Letter from Professor Jack E Hennifield
to the Clerk of the Committee (TB 30)
I am a scientist and health consultant who has
been involved in tobacco and health issues for more than 20 years.
I have contributed to numerous reports of the US Surgeon General
and National Cancer Institute, as well as various non US and international
reports (including UK's 1998 White Paper, "Smoking Kills")
concerning tobacco and health. I was part of former US Food and
Drug Administration Commissioner, David Kessler's team which developed
the FDA Tobacco Rule (1996). I also participated in the US Federal
Trade Commission's inquiry concerning cigarette testing, and am
currently working with the US Department of Justice on their allegation
that the tobacco industry has perpetuated fraud upon the US public
with false claims and concealment of truth about tobacco products.
I provide this brief background by way of informing you that I
have spent considerable time and effort examining tobacco product
development, marketing, scientific issues, and public health impact,
as well as implications for regulation of the products. I would
like to offer a few brief observations concerning your regulatory
evaluations. I also enclose a few scientific papers for your consideration.
I will be pleased to provide any additional information if it
would be of use in your deliberations.
My first conclusion is that there is now overwhelming
evidence that the major tobacco companies (ie, British American
Tobacco Co and Philip Morris Inc) have been making false claims
about the tar and nicotine deliveries to consumers and that these
claims were willful attempts to deceive people in effort, in their
own words, to "keep smokers in the franchise" and "delay
the quitting process". Furthermore the efforts included cigarette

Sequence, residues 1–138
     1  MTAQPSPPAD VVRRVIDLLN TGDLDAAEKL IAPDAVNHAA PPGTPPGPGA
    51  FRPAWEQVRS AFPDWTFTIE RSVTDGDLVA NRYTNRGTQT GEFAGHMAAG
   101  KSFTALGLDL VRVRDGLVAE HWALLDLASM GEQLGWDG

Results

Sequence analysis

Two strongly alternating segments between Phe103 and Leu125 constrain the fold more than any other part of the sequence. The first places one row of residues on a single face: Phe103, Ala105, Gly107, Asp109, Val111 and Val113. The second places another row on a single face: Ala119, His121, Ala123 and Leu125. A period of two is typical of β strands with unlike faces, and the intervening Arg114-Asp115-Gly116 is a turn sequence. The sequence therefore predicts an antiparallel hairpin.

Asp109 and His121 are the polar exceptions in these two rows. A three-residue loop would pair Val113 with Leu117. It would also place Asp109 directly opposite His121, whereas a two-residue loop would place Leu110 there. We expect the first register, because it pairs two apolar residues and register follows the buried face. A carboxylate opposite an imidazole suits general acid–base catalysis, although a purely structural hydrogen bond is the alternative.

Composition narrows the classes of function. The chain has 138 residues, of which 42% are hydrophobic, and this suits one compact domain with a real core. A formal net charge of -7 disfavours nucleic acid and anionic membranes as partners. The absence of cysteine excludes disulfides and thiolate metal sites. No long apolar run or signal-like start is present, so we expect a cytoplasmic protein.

design techniques intended to cheat the ISO and FTC cigarette
testing methods, and that the companies had no evidence that the
cigarettes with claims to be lower in tar and nicotine offered
the health benefits implied in their advertising or trademarked
brand names. Indeed the tobacco companies' own data indicated
that so-called "light" cigarettes may have served to
increase the health risk to consumers. It is clear that from the
perspective of the tobacco companies, advertising about cigarette
tar and nicotine yields and trademarked product names that include
"light" and various allusions to healthiness and purity
of their products constitute claims intended to reduce the concerns
of consumers about smoking.
It is also clear to me that cigarettes are more
deadly than they need be based upon currently available technologies,
yet the "free" market is not working to provide consumers
with such innovations. The market clearly needs standards to be
set for the reduction of toxins. However, such standards should
not permit the tobacco companies to then use advertising and marketing
techniques which would further undermine efforts to reduce smoking
(eg, by dissemination of messages such as "meets government
approved reductions in tar and are less hazardous"). These
issues are discussed in the enclosed articles by myself, Dr John
Slade, and others from the Food and Drug Law Journal (1998).
There is an ample base of data, tobacco industry
documents, and regulatory activity by various governmental agencies
to support sweeping regulatory efforts in the UK that could substantially
contribute to the health of current and future generations. I
urge that you take advantage of this assistance in your deliberations.
12 October 1999